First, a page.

Music is mysterious. It pulls emotions out of us, it urges us to remember for good or ill, pleasure or pain. It riles us up, it calms us down. Among other neurologists, Oliver Sachs particularly has written about music’s healing capacity. Music therapy for people with dementia has been shown to awaken lost energies and memories.
The odd story of Farinelli and the King is an example of music’s magical power. King Philippe V of Spain, while some days brilliant, was just as often deeply disturbed, hiding in his room, fearful of other people, holding conversation with his goldfish Alfonso. When his wife Queen Isabella heard castrato Farinelli sing she believed he could help her husband, so the two made the arduous journey (this was early in the 18th century) from England to Spain for this great experiment. Surely hearing Farinelli’s glorious voice could awaken the king from his coma-like state.
This play is based on the real relationship and real story that Farinelli, a great castrato of the 18th century, gave up his opera career to live with the king and queen of Spain for nine years, singing to keep the king’s humors level. In addition to my interest in the subject matter, the play itself more than held my attention and I cared very much for the characters as written by Claire Van Kampen. It is most beautifully produced with fine musicians and actors gracing the stage. Ms. Van Kampen is also the musical arranger, so clearly knows her subject. Jonathan Fensom’s designs immediately draw us into the London theatre, the Madrid palace as well as the house in the forest we experience later.
John Dove’s direction pulls all these marvelous elements together for a musical and engaging evening.
Mark Rylance plays King Philippe V. Mark Rylance is a genius. Funny, endearing, sometimes frightening and heartbreaking. Philippe is at his best away from the responsibilities and clutter of court and city life, out in the forest where he wants to hear the stars singing. Don’t we all. When Jonathan Fensom’s scenic design transports us to the forest, we too wish to stay.
Queen Isabella as played by the engaging Melody Grove is practical, powerful and passionate. She is the one who brings the audience along on this journey, making us root for her goals to save her husband.
Dan Crane acts Farinelli with sensitivity and grace, while Iestyn Davies, a countertenor, sings Farinelli.
It’s an interesting conceit: When the scene calls for Farinelli to sing, Mr. Davies enters the stage dressed exactly like Crane’s Farinelli, and begins to sing and act his aria, prowling the stage. Crane’s Farinelli remains, silent, not too close to his alter ego, not too far, communing with the inner spirit of the singer Farinelli. At least that’s what it looked like to me, and I was riveted. Crane seems to be subtly reflecting what’s going on inside the singer Davies.
This was oddly fascinating to watch and oddly not disruptive to the action.
Conflict external to the king’s distress is largely supplied by the King’s wily and seemingly advanced Doctor Cervi, deftly played by Huss Garbiya. The doctor (and Isabella and the King) are in constant conflict with the king’s minister De La Cuadra, coldly and beautifully played by Edward Peel.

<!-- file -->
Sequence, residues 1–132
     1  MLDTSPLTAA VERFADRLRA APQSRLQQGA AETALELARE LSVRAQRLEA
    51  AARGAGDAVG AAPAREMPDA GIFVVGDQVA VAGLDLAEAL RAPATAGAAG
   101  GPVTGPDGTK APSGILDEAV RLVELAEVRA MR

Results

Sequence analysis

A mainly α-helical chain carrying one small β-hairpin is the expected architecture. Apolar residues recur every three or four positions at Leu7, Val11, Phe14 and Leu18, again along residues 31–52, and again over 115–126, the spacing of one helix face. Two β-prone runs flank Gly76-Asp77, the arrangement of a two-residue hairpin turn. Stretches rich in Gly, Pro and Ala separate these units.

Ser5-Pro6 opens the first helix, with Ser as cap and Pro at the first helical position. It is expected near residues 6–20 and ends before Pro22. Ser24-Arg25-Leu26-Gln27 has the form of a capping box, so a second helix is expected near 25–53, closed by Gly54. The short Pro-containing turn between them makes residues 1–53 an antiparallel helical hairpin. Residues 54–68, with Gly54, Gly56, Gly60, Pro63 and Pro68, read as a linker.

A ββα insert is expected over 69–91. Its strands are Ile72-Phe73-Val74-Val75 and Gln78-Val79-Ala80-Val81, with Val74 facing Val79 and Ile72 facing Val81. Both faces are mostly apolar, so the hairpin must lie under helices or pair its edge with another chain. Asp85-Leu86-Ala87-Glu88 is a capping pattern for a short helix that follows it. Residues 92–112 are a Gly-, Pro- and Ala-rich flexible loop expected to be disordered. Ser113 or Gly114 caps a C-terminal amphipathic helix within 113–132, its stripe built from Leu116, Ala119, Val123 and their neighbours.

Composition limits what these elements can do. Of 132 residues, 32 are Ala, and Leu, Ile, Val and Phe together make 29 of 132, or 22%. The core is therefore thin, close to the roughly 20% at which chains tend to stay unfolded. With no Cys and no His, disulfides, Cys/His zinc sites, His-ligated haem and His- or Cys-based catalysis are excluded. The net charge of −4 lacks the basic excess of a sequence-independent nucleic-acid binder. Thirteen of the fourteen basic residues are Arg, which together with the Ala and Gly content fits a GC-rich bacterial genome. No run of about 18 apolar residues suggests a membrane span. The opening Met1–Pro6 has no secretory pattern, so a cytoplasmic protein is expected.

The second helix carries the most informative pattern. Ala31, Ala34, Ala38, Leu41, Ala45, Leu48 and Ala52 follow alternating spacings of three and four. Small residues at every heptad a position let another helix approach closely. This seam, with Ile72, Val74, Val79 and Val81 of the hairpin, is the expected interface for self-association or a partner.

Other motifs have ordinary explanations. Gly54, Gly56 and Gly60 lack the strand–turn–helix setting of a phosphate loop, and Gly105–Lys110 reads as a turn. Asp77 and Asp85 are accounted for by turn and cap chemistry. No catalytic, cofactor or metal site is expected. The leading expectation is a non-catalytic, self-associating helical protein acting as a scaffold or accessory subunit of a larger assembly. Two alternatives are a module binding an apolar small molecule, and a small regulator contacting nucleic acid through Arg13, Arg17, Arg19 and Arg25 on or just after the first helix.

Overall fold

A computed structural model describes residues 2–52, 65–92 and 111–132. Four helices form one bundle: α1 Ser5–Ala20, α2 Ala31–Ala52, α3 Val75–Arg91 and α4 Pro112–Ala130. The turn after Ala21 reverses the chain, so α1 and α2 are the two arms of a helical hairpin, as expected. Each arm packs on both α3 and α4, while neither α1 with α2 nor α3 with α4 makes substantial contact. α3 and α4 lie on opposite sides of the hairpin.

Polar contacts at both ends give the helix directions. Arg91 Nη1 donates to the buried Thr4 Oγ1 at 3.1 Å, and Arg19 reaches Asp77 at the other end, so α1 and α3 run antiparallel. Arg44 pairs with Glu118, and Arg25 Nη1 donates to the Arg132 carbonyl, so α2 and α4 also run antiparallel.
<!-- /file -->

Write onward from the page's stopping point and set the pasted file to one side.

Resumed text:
Queen Isabella originally found Farinelli performing for London theatrical manager John Rich, who is wittily and convincingly played by Colin Hurley.
Like the Globe’s last production here at the Belasco Theatre, the set design is in two levels, the gallery wrapped around and above the playing area on three sides so that audience members may sit on the stage surrounding the players, while the upper back gallery is occupied by the excellent musicians. We can see all, yet they don’t draw attention from the players. It is imaginative and impressive and very well used. In the second half, Mr. Rylance adds a third level as the King chats with the audience as if they were denizens of the forest.
If you’ve read what I’ve written in past months about the musical passions of Indecent and The Band’s Visit, you may wonder about the music in Farinelli and the King. A harpsichord plays the audience in, and is joined in the half hour before the play starts by a violinist, a cellist, and a lute player. These and more musicians accompany much of the action for the evening and afford great pleasure.
This play was not as effective for me as it will be for opera lovers. The formal style of operatic singing awakens no passion in me. Although I intellectually know how powerful the music is (and I know we cannot know what a castrato really sounded like), I was not brought to any emotion by the singing. Mr. Rylance’s performance as the troubled king showed me, however, all I needed to know about that music’s effect.
Finally, I must mention the fabulous hair and wigs by Campbell Young that helped set us in Madrid or the forest and truly complemented the character development.
Farinelli and the King plays at the Belasco only until March 25, 2018. Performances are marvelous in a brilliant design, and the play stands on its own without plays of a similar “type” to compare it to — in any case, nothing and no one compares with Mark Rylance. If tickets are still available, get to the Belasco and hear the singing of the stars.
~ Molly Matera, signing off to contemplate a new year. Be happy and healthy.